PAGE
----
So why can’t he find it?  (I imagine him emptying wastebaskets, checking the refrigerator.)  Because the person who was on duty the day before forgot to tell anybody where he put it.   I know — let that sink in for a minute.   “Oh, just put it down anywhere…”   And then, as I say, he forgot to notify anyone.   Just…. forgot.   Quittin’ time!

Meanwhile, the vice-mayor himself has arrived — the Carabinieri do tend to get your attention —  to try to keep everyone calm and the tarps on the lifeboats, and ready to step in as celebrant if  Mr. Coro’ doesn’t manage to show up.   (The vice-mayor can do  it without any of the accessories, evidently, or can produce his own, or something.)  

It must have seemed like years had gone by -- maybe even centuries -- before the celebrant finally showed up.

It must have seemed like years had gone by -- maybe even centuries -- before the celebrant finally showed up.

Forty-five minutes after the appointed time, which must have seemed much longer, Mr. Coro’ shows up with all his accessories, and the ceremony proceeds.   The vows are exchanged, the deed is done, and the two lovebirds  can finally get on with the rest of their lives, starting with the  reception and continuing on to the honeymoon and having kids and grandkids and trial separations and hip replacements and so on.

The town government was very nice about it.   They not only sent the couple   a telegram, they also gave them a 50% discount on the use of the room.

I’d like to think that the Carabinieri got some kind of acknowledgment — maybe even a thank-you —  though probably they don’t expect it.   “Just all in a day’s work, sir.”

Or maybe one of them caught the bouquet.   The one who knows how to read.

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  1. Gary Beck says:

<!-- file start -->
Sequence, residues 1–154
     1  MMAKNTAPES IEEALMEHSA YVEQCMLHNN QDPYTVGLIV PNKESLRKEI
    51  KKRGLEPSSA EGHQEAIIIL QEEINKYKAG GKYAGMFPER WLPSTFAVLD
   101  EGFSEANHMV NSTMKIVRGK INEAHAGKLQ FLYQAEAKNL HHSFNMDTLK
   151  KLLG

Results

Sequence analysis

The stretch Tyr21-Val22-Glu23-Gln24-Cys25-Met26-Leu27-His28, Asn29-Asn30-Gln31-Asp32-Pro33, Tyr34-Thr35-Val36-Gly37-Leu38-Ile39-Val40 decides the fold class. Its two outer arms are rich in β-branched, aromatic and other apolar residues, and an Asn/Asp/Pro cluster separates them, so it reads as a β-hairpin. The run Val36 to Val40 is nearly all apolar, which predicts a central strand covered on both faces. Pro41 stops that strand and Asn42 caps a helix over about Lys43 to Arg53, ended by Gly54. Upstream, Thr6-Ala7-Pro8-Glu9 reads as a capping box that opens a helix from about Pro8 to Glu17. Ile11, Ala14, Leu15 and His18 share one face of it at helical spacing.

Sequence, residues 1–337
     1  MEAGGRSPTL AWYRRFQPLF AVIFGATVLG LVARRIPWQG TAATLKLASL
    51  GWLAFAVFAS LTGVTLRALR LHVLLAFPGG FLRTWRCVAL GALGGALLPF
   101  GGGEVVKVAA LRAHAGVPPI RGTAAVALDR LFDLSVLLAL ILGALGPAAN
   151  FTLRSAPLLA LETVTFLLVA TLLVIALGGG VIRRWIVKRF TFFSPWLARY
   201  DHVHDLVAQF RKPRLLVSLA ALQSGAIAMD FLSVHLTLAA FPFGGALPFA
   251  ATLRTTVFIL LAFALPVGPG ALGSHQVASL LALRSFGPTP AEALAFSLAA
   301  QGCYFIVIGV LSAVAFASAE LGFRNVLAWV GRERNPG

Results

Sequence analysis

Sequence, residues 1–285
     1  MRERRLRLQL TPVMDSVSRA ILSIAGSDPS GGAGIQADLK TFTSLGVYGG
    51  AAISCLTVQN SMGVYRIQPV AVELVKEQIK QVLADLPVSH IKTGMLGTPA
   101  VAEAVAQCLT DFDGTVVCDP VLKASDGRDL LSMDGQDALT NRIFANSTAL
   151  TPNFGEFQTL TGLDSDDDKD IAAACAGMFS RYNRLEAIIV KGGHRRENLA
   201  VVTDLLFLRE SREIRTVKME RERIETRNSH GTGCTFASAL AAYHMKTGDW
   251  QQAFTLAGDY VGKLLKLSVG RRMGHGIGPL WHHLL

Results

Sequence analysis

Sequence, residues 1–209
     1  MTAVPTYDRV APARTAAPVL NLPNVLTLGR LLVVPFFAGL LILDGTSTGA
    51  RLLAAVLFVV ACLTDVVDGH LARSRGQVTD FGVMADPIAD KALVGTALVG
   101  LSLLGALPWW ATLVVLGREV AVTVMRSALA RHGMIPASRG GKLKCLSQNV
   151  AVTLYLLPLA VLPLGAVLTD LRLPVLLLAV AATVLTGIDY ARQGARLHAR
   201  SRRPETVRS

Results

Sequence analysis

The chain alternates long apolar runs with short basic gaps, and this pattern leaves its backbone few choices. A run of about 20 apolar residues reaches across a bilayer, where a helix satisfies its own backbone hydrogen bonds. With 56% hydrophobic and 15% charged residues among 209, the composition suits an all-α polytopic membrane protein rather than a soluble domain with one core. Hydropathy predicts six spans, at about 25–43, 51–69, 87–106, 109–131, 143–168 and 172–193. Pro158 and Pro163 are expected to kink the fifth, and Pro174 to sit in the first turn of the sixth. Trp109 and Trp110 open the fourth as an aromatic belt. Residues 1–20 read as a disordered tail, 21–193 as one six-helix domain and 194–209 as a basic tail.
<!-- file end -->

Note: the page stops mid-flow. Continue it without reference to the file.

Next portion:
What’s the difference between the Carabinieri and the Polizia in Italy? I’ve often been confused to see both of them with seemingly (to the foreign tourist) similar duties…

    Someone told me that the two exist so that neither can “take over”, but I’m not sure I believe that…


  2. Erla says:

    Let me give a very rough and possibly over-simplified explanation, meaning no disrespect to either of these noble corps. The Carabinieri are one of the four Italian Armed Forces. They’ve got fairly broad powers; depending on the situation, they can act either as police or as military. The Carabinieri are military police. In fact, the Carabinieri started out as border police combatting smuggling — but the Police aren’t military. The Polizia are part of ordinary common-garden-variety “public service” (sounds better in Italian). So when there’s a moderate problem like a family fighting or something — it’s the police who step in. If it’s homicide, the Carabinieri intervene. Also, the Carabinieri are apolitical, while the police have a union. The Carabinieri are in combat in Iraq and Afghanistan, the police aren’t. As for the risk of one or the other “taking over,” I’m not sure where that idea came from. In the US we have a number of different public-order-keeping organizations, each with a different purpose and responsibility, and I’m not convinced they all exist because of some fear of a potential coup of some sort on the part of one or the other. Same thing in Italy. I hope this helps!